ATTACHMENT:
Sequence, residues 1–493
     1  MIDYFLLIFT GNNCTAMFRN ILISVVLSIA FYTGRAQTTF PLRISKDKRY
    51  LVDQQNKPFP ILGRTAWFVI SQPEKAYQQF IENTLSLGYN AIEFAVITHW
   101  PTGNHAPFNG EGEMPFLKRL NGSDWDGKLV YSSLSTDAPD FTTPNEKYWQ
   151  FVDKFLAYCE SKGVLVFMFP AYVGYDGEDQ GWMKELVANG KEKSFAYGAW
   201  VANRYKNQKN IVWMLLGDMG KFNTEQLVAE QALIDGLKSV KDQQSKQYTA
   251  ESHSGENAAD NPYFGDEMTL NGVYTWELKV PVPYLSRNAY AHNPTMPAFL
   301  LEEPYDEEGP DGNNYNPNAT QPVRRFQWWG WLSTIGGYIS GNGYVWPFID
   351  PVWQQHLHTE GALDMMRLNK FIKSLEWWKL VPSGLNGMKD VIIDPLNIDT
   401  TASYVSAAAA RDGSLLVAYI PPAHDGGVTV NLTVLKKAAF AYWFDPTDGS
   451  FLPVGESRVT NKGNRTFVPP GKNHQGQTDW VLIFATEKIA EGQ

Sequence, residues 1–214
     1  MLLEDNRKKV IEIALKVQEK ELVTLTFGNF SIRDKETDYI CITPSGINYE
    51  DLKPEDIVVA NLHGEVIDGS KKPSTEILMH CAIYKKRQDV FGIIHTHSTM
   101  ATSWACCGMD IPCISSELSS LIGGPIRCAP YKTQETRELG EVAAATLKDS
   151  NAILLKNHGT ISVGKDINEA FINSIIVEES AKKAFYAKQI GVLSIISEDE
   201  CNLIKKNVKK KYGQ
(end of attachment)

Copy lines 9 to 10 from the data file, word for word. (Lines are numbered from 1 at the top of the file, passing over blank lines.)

   351  PVWQQHLHTE GALDMMRLNK FIKSLEWWKL VPSGLNGMKD VIIDPLNIDT
   401  TASYVSAAAA RDGSLLVAYI PPAHDGGVTV NLTVLKKAAF AYWFDPTDGS